SayIt Dictation Practice
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SayIt Dictation Practice

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The following practice dictations will help you to learn how to dictate with common formatting.

  1. Place your cursor into the first text field below.
  2. Press and hold the F2 key (OR the dictation button on your recording device) and dictate the sentence in bold above the text box. 
    • Speak the punctuation and formatting commands. 
      Formatting commands are listed in RED TYPE. Say those commands in your dictation to generate formatting in your transcript.  
  3. When you're done dictating the first sample, release the F2 key (or dictation button on your device).
  4. TAB your cursor to the next text field and repeat for each sample.

If you make a mistake on a dictation, use the "Undo" shortcut (F3 key) and then try again. 

Here are some of the common punctuation commands to format your dictation:
. = say "period"                   , = say "comma"
( = say "open paren"        ) = say "close paren"
[ = say "open bracket"       ] = say "closed bracket"
" = say "open quote"         " = say "close quote"

For more punctuation commands, see http://support.nvoq.com/sayit-punctuation

Basic Formatting & Punctuation

Patient returns in followup of his sleep apnea. He is here today to review his response to CPAP.

You speak conversationally and SayIt formats the transcript for you, including capitalizing the first word of the sentence as well as commonly used acronyms.

The patient is a 75 year old female who comes in today with concerns of having a stroke.

Notice that "75 year old" was transcribed with hyphens. SayIt formats dictations for you per the Association for Healthcare Documentation Integrity (AHDI) Book of Style for Medical Transcription. 

No known allergies.

  What if you dictate something wrong? You can use the shortcut "Undo" and then try again. TRY IT!

1.   Use the SHORTCUT (F3) UNDO.

2.   Dictate the new information into the field above: Allergic to codeine.

Now let's say you just dictate a few words wrong (or maybe they got transcribed incorrectly), but you don't want to "undo" your entire dictation.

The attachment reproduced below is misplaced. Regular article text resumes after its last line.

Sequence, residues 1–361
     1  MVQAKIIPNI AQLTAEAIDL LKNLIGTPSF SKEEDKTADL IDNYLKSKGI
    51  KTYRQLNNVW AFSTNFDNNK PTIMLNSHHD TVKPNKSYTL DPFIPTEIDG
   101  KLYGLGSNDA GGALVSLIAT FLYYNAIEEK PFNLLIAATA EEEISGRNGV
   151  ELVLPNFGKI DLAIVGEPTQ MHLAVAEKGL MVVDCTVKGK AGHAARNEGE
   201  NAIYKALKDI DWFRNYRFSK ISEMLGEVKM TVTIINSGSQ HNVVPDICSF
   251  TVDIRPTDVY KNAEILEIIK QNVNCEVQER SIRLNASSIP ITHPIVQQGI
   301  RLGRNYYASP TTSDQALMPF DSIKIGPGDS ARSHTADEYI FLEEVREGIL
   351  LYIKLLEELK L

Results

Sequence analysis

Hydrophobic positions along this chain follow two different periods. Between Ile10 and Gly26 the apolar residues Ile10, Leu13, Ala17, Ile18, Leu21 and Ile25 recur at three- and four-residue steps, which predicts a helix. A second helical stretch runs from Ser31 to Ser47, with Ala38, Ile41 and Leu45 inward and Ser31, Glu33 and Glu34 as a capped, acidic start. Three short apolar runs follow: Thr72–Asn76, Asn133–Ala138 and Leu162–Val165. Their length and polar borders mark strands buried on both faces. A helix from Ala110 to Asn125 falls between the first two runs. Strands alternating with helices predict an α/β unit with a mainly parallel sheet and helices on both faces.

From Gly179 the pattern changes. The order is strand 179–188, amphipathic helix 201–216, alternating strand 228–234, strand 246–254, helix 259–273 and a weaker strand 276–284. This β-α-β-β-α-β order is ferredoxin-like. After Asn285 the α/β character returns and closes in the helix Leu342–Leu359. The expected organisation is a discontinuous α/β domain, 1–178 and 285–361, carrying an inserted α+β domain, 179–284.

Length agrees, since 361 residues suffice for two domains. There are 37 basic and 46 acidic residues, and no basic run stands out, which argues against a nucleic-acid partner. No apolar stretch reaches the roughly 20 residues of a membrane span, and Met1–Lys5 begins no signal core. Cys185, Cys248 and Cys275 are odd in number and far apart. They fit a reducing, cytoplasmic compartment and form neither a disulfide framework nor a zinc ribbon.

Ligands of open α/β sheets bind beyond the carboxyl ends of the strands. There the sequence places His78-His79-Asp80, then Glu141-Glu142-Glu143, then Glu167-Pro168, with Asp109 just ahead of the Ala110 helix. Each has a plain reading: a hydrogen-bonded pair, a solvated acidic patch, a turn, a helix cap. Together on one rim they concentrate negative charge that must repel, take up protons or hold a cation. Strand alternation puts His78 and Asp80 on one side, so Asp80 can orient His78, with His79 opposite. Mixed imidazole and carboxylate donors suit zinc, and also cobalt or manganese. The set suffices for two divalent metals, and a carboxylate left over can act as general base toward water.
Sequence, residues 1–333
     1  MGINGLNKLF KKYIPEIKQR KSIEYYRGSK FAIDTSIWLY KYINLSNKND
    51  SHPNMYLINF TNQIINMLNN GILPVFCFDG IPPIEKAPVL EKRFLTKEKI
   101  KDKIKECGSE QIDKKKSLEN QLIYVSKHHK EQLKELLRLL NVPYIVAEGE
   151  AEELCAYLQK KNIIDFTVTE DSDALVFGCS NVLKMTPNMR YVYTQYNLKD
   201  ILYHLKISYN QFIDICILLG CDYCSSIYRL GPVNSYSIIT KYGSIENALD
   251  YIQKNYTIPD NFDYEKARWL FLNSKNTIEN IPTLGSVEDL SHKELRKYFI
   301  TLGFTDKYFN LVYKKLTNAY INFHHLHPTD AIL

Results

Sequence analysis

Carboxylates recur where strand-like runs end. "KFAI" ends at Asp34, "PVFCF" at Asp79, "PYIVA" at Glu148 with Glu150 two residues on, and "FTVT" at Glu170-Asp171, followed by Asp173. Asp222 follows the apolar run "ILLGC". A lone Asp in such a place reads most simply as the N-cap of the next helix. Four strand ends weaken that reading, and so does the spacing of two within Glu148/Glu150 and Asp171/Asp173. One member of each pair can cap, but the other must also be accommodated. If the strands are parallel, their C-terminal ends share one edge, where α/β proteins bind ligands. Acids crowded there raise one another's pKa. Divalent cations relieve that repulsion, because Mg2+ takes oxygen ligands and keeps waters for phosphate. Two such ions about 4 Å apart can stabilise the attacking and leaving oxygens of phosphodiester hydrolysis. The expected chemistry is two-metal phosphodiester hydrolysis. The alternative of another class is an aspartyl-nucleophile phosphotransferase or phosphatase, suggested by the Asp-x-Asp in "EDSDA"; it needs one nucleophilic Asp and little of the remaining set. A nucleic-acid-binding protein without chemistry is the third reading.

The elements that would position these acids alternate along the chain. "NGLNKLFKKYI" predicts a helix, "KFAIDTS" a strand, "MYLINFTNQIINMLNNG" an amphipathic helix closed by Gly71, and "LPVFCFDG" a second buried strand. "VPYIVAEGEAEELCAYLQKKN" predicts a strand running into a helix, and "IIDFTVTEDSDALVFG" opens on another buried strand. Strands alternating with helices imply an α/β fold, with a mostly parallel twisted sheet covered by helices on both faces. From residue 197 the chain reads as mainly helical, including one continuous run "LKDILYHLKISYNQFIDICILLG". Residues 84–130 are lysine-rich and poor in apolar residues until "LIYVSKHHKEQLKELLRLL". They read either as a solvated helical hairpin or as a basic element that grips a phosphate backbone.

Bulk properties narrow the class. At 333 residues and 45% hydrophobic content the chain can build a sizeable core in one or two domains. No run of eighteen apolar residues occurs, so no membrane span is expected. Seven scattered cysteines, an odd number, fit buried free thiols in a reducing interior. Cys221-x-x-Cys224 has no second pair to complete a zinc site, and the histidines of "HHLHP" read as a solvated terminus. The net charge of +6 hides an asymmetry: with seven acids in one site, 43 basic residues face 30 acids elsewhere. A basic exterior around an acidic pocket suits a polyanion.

First, dictate the sentence below as usual.

 

Family history positive for heart disease, hypertension, and cerebrovascular accidents. Family history is positive for colon cancer affecting her mother and a brother. The patient has a daughter who was diagnosed with breast cancer at age 40.

 Now let's say you meant to say "father" instead of mother.  

1.  Using your mouse, HIGHLIGHT the word mother in your dictation above.
 2.  With the word highlighted, dictate:     
LOWERCASE father

 

TIP:  The "lowercase" command lets you start a dictation with a lowercase letter.

Overall, patient has been doing well. Her blood sugars have usually been less than or equal to 135 by home glucose monitoring. 
NEW LINE Her fasting blood sugar today is 120 by our Accu-Chek. 

  The "new line" command moves the cursor one line down.

The patient awakens feeling relatively refreshed.   NEW PARAGRAPH   
In the past few months he has lost between 15 and 18 pounds in combination of dietary and exercise measures.

 The "new paragraph" command moves the cursor two lines down.

ALL CAPS Allergies:  Demerol and codeine. NEW PARAGRAPH

ALL CAPS Medications: Lotensin, Lopid, metoprolol, and Darvocet.

When you say "all caps," the next word in your dictation is transcribed in ALL CAPITAL LETTERS. 

The patient subsequently presented to CAPS ON Community Hospital Emergency Room CAPS OFF secondary to worsening of left face swelling and increasing in pain.

With the "caps on"/"caps off" substitution you can easily transcribe several words within a dictation that begin with a capital letter.

ALL CAPS ON REVIEW OF SYSTEMS ALL CAPS OFF The patient continues to have back pain sometimes.

  With the "all caps on"/"all caps off" substitution you can easily transcribe several words within a dictation in ALL CAPITAL LETTERS.

I did talk to her and her husband at length regarding atrial fibrillation and Coumadin and the risks for stroke without the Coumadin. She states, OPEN QUOTE I am willing to take that risk. CLOSE QUOTE

Add quotation marks to your transcription using "open quote" and "close quote" commands.